Western vs. Southern vs. Northern Blots: Key Differences

Western vs. Southern vs. Northern Blots: Key Differences

Blotting techniques are one of the commonly used techniques in molecular biology and life sciences labs to detect and study different molecules, such as proteins and nucleic acids. The term “blotting” refers to the transfer of biomolecules to a membrane. 

Based on the molecules separated, such as DNA fragments, RNA, or proteins, the blotting method has three different types:

  • Western blotting
  • Northern blotting
  • Southern blotting

During the process, the molecules separated using the gel electrophoresis technique in the gel matrix are transferred to blotting membranes, such as nitrocellulose membranes and PVDF membranes. The transferred bands are visualized using different detection methods. 

The blotting techniques have applications in many research studies, including gene expression, hybridization, and identifying target sequences, such as specific DNA sequences or specific RNA sequences. 

Figure: Different types of blotting techniques for identifying different macromolecules. 

In this article, we will review more about different types of blotting techniques, their working mechanism, and applications in labs and industries.  

Defining Blotting Techniques

All three blotting techniques, western, southern, and northern blotting, separate different types of macromolecules and involve different reagents in the process.  

Western Blotting

Western blotting technique is also known as immunoblotting. The method was developed by Towbin and his colleagues in 1979 to study specific proteins. 

The protein blotting procedure involves four stages:

  1. Protein separation: Physical or chemical methods are used to break cell membranes and isolate desired proteins.
  2. Gel electrophoresis: SDS-PAGE is the most commonly used technique to separate proteins based on their molecule weight or charge from a sample mixture. The proteins are separated in the form of bands in the gel matrix. To visualize the proteins while being separated, dyes like bromophenol blue are used.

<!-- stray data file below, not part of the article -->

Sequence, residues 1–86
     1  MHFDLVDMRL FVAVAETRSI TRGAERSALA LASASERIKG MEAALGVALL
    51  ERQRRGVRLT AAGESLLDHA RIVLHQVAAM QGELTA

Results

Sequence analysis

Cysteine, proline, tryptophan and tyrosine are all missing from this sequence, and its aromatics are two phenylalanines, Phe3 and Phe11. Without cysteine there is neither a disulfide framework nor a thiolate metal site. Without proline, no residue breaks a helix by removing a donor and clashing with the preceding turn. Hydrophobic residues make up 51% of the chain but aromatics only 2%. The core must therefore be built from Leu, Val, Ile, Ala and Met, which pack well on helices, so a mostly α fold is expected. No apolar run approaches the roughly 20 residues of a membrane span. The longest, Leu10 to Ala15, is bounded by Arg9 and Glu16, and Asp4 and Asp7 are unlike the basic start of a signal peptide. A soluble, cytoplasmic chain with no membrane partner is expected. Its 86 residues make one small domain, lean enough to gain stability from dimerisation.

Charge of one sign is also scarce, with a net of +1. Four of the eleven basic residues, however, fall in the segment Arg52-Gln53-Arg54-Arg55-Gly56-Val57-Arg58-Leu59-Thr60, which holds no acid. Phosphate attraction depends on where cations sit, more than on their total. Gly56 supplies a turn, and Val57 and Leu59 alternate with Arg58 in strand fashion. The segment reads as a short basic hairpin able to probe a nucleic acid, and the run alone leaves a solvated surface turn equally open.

3. Blotting and transfer: The blotted proteins are transferred to either the nitrocellulose membrane or PVDF membrane through simple diffusion or electrophoretic elution.
  4. Visualization: The transferred bands are then visualized by using radiolabeled antibodies. Two types of antibodies used in the process include primary antibodies (specific to the target protein) and secondary antibodies (specific to the primary antibody).

The secondary antibody is conjugated either to an enzyme, fluorescent proteins, or biotin that forms a color change or fluorescence when a suitable substrate is added to the membrane. 

Figure: Western blotting steps.

Southern Blotting 

Southern Blotting techniques as introduced by Edwin Southern in 1975. The technique detects and analyzes a range of DNA fragments or DNA sequences in a whole DNA sample. The steps involved in the technique include:

  1. Isolation: DNA is isolated from cells by breaking the cell membrane using detergents and removing contaminants such as proteins using enzymes like proteinases. 
  2. Cleavage: Restriction endonuclease is used to break down the isolated DNA into small fragments and identify them using DNA probes.